Institute for Transportation (Map)
2711 S. Loop Drive, Suite 4700 (Room 4040)
Ames, IA 50010
February 18, 2020
Registration at 8:00 a.m.
Workshop starts at 8:30 a.m.
The modern roundabout is a proven strategy for improving the safety and operations of intersections. The physical characteristics of a well-designed modern roundabout reduce the frequency and severity of intersection crashes for all users including pedestrians and bicyclists. This course highlights the benefits of modern roundabouts and gives participants the fundamental knowledge needed to plan and consider applying roundabout intersection projects in their area. This course is an introductory level course with a blend of technical and non-technical planning, design, and operations considerations.
Upon completion of the course, participants will be able to:
- Distinguish a modern roundabout from other types of circular intersections
- Describe the safety advantages of roundabouts
- Describe the operational advantages roundabouts provide
- Identify what type of locations roundabouts may be appropriate
- Describe strategies to overcome common barriers to implementation of roundabouts, such as negative public perceptions
- Describe the key considerations when planning an area’s first roundabout
- Apply basic traffic operational models and capacity calculations for roundabouts
- Describe key geometric design principles of a modern roundabout
- Apply signing and marking suggested practices
- Apply design strategies for pedestrians and bicyclists
Richard Retting has served as Safety & Research Practice Leader for Sam Schwartz Consulting since 2008. He was instrumental in producing the widely-cited 2001 IIHS landmark study that found that modern roundabouts reduce traffic fatalities by 90 percent and injury crashes by 76 percent.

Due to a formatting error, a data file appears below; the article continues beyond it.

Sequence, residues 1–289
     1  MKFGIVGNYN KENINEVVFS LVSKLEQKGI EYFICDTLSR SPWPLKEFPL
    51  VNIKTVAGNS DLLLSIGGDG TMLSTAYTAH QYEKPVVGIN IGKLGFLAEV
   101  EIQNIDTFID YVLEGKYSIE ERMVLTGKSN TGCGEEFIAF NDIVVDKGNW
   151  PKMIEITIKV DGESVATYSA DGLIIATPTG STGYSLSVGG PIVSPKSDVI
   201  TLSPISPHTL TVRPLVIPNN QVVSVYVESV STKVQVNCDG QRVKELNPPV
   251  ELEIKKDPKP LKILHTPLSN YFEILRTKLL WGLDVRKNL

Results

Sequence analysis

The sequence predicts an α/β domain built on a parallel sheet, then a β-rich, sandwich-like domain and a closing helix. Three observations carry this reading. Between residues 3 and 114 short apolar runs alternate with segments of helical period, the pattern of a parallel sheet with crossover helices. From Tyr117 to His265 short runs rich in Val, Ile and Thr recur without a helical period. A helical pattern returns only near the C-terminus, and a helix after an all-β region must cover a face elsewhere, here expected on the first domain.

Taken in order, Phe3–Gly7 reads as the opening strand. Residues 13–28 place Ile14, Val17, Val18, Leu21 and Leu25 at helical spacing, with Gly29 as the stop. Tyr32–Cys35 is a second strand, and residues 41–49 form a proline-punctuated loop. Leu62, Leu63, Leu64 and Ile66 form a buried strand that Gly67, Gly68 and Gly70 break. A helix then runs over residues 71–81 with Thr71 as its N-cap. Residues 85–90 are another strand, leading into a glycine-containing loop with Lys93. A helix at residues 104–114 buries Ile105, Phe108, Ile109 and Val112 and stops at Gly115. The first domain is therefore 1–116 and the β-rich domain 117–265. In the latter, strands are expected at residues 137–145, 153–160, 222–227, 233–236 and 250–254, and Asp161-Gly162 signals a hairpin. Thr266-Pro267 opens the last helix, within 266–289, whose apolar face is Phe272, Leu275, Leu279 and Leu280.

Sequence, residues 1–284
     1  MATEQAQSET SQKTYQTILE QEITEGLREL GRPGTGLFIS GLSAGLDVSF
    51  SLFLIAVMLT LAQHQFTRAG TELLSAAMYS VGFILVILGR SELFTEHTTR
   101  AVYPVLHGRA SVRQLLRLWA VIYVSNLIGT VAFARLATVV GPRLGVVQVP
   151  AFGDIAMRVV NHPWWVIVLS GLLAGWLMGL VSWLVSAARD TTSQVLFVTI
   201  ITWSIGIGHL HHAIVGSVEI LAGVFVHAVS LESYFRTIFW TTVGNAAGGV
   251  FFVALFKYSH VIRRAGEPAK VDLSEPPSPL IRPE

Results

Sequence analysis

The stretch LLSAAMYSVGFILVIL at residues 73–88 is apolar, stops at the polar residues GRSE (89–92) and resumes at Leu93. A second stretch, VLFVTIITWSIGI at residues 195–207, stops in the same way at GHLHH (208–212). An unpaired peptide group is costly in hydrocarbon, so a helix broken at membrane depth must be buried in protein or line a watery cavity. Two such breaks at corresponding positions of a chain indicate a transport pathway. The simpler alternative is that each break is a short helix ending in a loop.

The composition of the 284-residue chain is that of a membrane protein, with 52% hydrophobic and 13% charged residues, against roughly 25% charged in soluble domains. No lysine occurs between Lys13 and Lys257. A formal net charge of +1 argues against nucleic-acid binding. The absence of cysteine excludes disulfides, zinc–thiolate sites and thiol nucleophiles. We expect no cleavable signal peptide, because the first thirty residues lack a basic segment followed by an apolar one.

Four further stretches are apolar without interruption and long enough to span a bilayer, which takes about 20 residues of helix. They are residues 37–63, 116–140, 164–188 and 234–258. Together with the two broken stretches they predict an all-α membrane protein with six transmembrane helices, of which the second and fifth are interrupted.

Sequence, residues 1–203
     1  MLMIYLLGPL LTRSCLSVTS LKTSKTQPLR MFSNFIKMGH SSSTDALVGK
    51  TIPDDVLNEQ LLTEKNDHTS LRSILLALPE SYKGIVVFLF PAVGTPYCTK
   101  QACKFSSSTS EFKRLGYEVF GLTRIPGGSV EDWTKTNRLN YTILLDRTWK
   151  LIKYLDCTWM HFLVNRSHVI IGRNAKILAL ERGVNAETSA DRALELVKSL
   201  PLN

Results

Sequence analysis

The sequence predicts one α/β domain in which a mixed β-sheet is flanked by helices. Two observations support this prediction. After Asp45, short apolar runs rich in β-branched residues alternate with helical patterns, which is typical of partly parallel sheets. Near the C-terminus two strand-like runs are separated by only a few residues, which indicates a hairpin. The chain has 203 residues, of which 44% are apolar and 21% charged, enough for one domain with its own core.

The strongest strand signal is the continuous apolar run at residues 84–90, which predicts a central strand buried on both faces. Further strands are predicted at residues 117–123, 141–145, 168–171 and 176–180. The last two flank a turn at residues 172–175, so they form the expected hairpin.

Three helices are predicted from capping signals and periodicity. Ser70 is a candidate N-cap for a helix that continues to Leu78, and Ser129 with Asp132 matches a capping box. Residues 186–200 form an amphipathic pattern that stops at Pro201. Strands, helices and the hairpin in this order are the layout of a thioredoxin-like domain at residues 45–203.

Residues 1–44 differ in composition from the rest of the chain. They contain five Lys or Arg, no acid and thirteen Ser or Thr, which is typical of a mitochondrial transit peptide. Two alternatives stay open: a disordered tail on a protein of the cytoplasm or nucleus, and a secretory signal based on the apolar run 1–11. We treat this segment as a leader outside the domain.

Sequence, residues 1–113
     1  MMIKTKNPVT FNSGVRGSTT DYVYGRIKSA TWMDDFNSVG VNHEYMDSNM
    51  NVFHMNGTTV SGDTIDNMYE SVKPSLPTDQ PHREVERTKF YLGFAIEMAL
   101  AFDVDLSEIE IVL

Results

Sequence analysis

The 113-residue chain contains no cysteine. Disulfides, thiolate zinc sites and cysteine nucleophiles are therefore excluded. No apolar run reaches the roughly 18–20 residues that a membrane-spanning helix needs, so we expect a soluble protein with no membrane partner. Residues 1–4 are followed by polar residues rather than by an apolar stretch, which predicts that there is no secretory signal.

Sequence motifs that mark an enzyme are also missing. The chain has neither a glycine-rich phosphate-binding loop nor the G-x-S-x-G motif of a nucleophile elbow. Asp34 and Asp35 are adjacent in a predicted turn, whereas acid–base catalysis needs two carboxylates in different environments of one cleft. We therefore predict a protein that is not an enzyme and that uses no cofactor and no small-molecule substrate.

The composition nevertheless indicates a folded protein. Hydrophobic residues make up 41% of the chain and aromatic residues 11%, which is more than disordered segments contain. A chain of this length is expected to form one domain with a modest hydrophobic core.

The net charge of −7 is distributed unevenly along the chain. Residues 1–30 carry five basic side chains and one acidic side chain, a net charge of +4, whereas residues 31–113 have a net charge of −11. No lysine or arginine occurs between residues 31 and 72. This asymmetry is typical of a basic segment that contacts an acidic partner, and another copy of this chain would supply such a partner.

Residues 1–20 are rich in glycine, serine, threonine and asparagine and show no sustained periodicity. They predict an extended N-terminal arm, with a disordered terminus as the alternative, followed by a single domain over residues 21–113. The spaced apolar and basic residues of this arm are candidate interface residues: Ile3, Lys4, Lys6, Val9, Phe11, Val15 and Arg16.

Mr. Retting has 38 years of multidisciplinary traffic safety operations and research experience and is a widely recognized North American expert on traffic safety. Mr. Retting has served as Principal Investigator or Co-Principal Investigator for more than 200 traffic safety research projects conducted for FHWA, NHTSA, TRB, IIHS, and GHSA. Mr. Retting has deep subject matter knowledge and practical experience related to analyzing and mitigating traffic crash problems, and as authored more than 100 scientific publications. He is a Fellow of ITE, Chair of the ITE Vision Zero Steering Committee, and member of both the TRB Standing Committee on Safety Data, Analysis, and Evaluation and the TRB Standing Committee on Traffic Law Enforcement.
At the Insurance Institute for Highway Safety, Mr. Retting served as Senior Transportation Engineer, which included responsibility for conducting research into causes and injury mechanisms of motor vehicle crashes; evaluating effectiveness of crash and injury countermeasures; analyzing data; and building consensus on complex traffic safety issues.
At New York City DOT, Mr. Retting served as Deputy Assistant Commissioner for Traffic Safety Programs, where he oversaw Safety Engineering and Safety Education programs and had responsibility for development and implementation of New York’s Highway Safety Improvement Program, Strategic Highway Safety Plan, and Corridor Safety Program.